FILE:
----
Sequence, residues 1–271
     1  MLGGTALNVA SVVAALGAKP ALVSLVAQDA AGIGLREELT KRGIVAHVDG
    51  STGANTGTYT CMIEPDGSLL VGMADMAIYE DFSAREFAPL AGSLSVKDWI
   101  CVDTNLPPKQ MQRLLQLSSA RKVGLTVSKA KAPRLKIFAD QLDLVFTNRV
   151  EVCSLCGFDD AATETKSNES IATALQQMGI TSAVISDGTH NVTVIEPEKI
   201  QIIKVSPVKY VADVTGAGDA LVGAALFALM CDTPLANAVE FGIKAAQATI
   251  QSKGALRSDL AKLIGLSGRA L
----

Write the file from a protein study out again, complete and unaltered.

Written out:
Sequence, residues 1–271
     1  MLGGTALNVA SVVAALGAKP ALVSLVAQDA AGIGLREELT KRGIVAHVDG
    51  STGANTGTYT CMIEPDGSLL VGMADMAIYE DFSAREFAPL AGSLSVKDWI
   101  CVDTNLPPKQ MQRLLQLSSA RKVGLTVSKA KAPRLKIFAD QLDLVFTNRV
   151  EVCSLCGFDD AATETKSNES IATALQQMGI TSAVISDGTH NVTVIEPEKI
   201  QIIKVSPVKY VADVTGAGDA LVGAALFALM CDTPLANAVE FGIKAAQATI
   251  QSKGALRSDL AKLIGLSGRA L